My Favorite Resurrection Hymn

by Elizabeth

I wanted to pass this song on to you during Easter Vigil (the night before Easter Sunday). Perhaps you need it as much as I do.

The Paschal Troparion is an Orthodox hymn dating back to the 5th century. Originally written in Greek, one of its English translations proclaims: “Christ is risen from the dead, trampling down death by death, and upon those in the tombs bestowing life.”

It is a sort of bridge between a mournful Holy Saturday and a joyous Resurrection Sunday (though Orthodox believers usually celebrate Easter on a different date than Protestants and Roman Catholics).

The music and lyrics of the Paschal Troparion were reimagined by the husband/wife musical duo eine blume, and I first heard it during a Velvet Ashes retreat several years ago. Its simplicity lends it an easy memorability, and it joins the best of ancient words with a beautiful modern melody.

I love the comfort and solidarity of singing something that believers have prayed in faith for hundreds of years. This hymn has become one of the songs that our family sings to end our morning devotions. Originally we closed only with the Doxology, but now we close with either the Doxology or the Paschal Troparion (or occasionally both).

In case you haven’t heard this song, or in case you had and just needed reminding, I wanted you to have it before the dawn of Easter morn. Confluence Worship covered it here (or you can purchase it on iTunes like we did). I’ve also pasted the song below.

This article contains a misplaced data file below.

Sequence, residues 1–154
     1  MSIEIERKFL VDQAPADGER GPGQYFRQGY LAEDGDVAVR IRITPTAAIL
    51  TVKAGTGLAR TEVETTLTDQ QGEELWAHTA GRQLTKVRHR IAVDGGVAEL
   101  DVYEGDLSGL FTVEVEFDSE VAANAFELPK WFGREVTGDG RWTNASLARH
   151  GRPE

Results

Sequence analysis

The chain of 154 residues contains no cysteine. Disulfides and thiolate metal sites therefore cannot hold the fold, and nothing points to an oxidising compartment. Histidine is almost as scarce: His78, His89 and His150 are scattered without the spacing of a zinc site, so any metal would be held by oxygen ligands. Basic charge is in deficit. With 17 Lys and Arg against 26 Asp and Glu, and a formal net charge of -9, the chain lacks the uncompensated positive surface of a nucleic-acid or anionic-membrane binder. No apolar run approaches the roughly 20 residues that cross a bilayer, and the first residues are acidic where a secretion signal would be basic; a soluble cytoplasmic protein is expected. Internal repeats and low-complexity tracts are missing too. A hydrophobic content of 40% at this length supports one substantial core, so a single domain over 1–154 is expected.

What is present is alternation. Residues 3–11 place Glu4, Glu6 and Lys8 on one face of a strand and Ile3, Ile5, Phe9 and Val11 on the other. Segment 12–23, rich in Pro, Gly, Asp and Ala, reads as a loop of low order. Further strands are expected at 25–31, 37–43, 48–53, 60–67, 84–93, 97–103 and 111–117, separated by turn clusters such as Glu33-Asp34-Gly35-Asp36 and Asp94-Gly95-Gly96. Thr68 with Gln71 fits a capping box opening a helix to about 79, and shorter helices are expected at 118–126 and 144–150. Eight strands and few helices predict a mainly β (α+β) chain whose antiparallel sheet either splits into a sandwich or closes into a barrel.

Christ is risen from the dead,

Trampling down death by death.

And to those in the grave

He’s given life, He’s given life.

The End of All Things {an Easter poem from A Life Overseas}

by Jonathan

Darkness and grief, shadow and death
The Hope that had been
Sags low without breath

Weak and alone, absorbing the pain
The one who was Love
Endures for my gain

“Forgive them,” he prays,
“Jews, Romans, all!”
Redeeming us from our sins and the fall

“It’s finished!” he yells
For his sons and his daughters
His life and his mission now lead to his slaughter

Giving it all, keeping naught in reserve
The Lamb takes my place
Taking all I deserve

The darkened sun hiding, the women are weeping
The earth loudly cracking, the curtain now ripping
Blood and water are dripping

The death of the Lamb is obscene, but predicted
The fog of great evil begins to be lifted
But first, the end of all things

The son of God dies.

“He left us!” they cry, confused and alone
“Our friend and our brother, terminated by Rome!”
“Our hopes have been broken, our dreams have been pierced.”
Disciples sit trembling, ashamed of their fears

Three quiet days come and go without Word
The King is nowhere and faith seems absurd
But behind the scenes now, the deep magic stirs
The plan before time finds its time and occurs

The broken world groans, the stone starts to move
Rome’s power now fractures, the Light’s breaking through
The splinters that pierced, pierced more than just flesh
They tore holes in despair, pushed back the darkness

The King wore his crown
Taking authority, striking Death down

Conquering sin, the grave, and all hist’ry
He gave up his life so all souls could see
The dawn of new life and eternity

The Kingdom has come!
The Lamb has been slain
Our sins have been wiped
Along with the stains

The Kingdom has come!
Christ is risen indeed!
Right here and right now, the
Beginning of all things



You can listen to the poem here.